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Sickle Cell Disease and Social Security Disability

Posted by Louis B. Lusk | Aug 08, 2013 | 0 Comments

Sickle Cell Disease and Social Security Disability

Misshapen red blood cells are the classic representation of Sickle Cell Disease. The red blood cells have abnormal hemoglobin that changes the shape of the cells from disks to look like crescents or sickles. The sickle shaped cells are not flexible and tend to stick together, clogging small blood vessels. These clumps can cause great pain and can lead to swollen joints preventing individuals from performing daily tasks, as well as even working. Causes Sickle cell disease is caused by a genetic mutation. For an individual to suffer from sickle cell they must receive the sickle cell gene from both parents. If a person receives the sickle cell mutation from only one parent, then that person is a carrier of the sickle cell trait, but will not suffer from the disease itself. The Center for Disease Control states that aside from sickle cell anemia, there are other instances of sickle cell disease in which an individual has the sickle cell trait from one parent and a different type of abnormal hemoglobin from the other parent. Sickle cell disease is diagnosed through a blood test that is commonly administered to newborns. Symptoms Sickle cell can cause a variety of problems. When sickle cells stick together and clog blood vessels that can cause pain in the area. The most common areas people with sickle cell disease feel pain are in the hands, feet, belly, back, or chest. Another symptom of sickle cell disease is anemia. The sickled red blood cells do not carry as much oxygen as regular disk shaped cells and there tend to be fewer red blood cells altogether. Anemia can make a person feel tired or dizzy. They can have a fast heart rate and difficulty breathing as well. The common treatment for anemia is a blood transfusion. Complications People with sickle cell anemia tend to have frequent infections. For young children with sickle cell, it is common for doctors to prescribe antibiotics to help prevent infections. “This can begin at 2 months of age and continue until the child is at least 5 years of age.” Other complications that tend to arise are stroke, blindness, organ damage, skin ulcers, and gallstones. Individuals can also suffer acute chest syndrome, which includes “symptoms of chest pain, coughing, difficulty breathing, and fever.” There is also the possibility of a splenic sequestration wherein “a large number of sickle cells get trapped in the spleen and cause it to suddenly get large.” Social Security Disability Requirements Those with sickle cell disease must show the following to qualify for Social Security Disability (SSD): Must have at least 3 documented painful (thrombotic) crises during the 5 months before applying for SSD; or Required to have had at least 3 hospitalizations (beyond emergency care) during the 12 months before applying for SSD; or Have chronic, severe anemia with a persistent hematocrit of 26 percent or less; or Suffer from an impairment as a result of sickle cell disease that is evaluated under the criteria for the affected body system. Information from the Social Security Administration Due to the very specific requirements needed to prove disability due to sickle cell disease for SSD benefits, it is helpful to have an attorney assist in assuring all the paperwork and medical records are in order when applying. If you are considering applying for disability benefits in Georgia, you should contact our experienced attorney. See Related Posts: Intellectual Disability Replaces Mental Retardation Worrying to the Point of Disability Rheumatoid Arthritis Can Lead to Disability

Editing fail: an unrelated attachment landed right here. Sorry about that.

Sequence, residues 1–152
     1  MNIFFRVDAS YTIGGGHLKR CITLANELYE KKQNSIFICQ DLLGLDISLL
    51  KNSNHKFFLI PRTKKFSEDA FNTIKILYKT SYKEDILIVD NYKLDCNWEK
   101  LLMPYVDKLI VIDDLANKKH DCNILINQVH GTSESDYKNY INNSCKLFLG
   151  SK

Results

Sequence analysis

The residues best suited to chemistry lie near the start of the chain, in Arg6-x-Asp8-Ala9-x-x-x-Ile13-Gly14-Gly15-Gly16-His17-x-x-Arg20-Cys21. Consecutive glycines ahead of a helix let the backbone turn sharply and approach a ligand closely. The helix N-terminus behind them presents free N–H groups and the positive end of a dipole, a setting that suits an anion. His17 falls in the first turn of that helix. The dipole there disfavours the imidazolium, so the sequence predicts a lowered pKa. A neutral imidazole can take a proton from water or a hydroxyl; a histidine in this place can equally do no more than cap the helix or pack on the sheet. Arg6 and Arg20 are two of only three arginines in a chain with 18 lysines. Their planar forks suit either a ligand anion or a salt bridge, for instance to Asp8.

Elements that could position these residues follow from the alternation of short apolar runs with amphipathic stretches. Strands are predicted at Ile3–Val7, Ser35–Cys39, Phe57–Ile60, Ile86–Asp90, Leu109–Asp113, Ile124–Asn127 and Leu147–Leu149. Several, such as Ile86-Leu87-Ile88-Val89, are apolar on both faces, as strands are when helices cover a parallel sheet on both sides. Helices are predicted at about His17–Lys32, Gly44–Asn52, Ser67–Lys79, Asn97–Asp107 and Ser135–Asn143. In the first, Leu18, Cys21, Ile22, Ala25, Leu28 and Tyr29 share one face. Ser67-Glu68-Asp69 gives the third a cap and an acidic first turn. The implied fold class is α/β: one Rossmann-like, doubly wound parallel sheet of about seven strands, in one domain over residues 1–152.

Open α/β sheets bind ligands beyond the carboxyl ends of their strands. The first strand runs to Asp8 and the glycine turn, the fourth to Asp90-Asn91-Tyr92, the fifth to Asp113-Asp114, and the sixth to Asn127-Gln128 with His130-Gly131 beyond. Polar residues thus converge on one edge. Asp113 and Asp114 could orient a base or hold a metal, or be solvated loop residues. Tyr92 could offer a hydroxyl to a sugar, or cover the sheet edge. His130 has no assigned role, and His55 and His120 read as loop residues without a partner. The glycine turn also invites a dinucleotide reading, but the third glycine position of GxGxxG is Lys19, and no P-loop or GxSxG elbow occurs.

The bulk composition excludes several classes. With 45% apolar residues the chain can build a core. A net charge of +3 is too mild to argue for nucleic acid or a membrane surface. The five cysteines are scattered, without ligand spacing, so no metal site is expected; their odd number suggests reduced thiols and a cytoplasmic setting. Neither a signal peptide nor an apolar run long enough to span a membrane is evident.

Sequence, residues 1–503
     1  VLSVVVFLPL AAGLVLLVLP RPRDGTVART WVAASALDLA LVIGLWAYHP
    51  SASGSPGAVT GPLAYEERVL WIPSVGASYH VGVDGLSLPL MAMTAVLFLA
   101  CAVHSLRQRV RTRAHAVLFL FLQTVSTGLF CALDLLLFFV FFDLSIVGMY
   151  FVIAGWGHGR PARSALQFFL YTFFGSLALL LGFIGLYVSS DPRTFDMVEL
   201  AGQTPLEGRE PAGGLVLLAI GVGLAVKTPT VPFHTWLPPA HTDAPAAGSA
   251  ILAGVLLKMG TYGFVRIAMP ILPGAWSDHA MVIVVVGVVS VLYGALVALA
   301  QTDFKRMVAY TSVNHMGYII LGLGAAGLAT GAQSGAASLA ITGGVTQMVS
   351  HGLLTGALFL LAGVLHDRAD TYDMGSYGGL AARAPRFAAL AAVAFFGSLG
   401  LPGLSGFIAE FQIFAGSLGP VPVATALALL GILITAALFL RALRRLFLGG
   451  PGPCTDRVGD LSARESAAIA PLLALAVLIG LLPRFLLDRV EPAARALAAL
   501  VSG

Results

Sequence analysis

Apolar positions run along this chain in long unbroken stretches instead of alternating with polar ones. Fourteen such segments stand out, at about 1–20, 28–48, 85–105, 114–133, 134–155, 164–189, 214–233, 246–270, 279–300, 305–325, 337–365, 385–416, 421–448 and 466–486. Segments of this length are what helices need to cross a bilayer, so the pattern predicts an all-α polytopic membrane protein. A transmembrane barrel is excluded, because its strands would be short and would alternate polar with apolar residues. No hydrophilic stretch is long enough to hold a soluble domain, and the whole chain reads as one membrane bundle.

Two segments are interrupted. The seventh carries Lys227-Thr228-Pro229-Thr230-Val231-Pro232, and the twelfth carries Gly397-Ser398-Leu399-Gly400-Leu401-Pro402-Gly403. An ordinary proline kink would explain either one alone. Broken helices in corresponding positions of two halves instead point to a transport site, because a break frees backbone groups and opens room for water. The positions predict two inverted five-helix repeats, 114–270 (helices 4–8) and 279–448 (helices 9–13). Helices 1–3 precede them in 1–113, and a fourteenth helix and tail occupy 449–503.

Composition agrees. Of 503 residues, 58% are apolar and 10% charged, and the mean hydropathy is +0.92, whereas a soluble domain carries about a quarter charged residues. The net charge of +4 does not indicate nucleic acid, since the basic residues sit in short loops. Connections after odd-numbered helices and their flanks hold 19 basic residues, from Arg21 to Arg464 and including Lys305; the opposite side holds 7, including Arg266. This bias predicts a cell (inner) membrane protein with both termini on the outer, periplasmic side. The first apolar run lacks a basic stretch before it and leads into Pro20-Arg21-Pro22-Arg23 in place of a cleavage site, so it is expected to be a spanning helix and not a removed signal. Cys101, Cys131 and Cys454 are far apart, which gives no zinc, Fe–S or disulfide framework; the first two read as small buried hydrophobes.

About the Author

Louis B. Lusk

About Louis B. Lusk – Disability Attorney Attorney Louis B. Lusk has helped thousands of disabled individuals recover Social Security disability and SSI disability benefits.  He is an active member of the National Organization of Social Security Claimant's Representatives (NOSSCR), an organizat...


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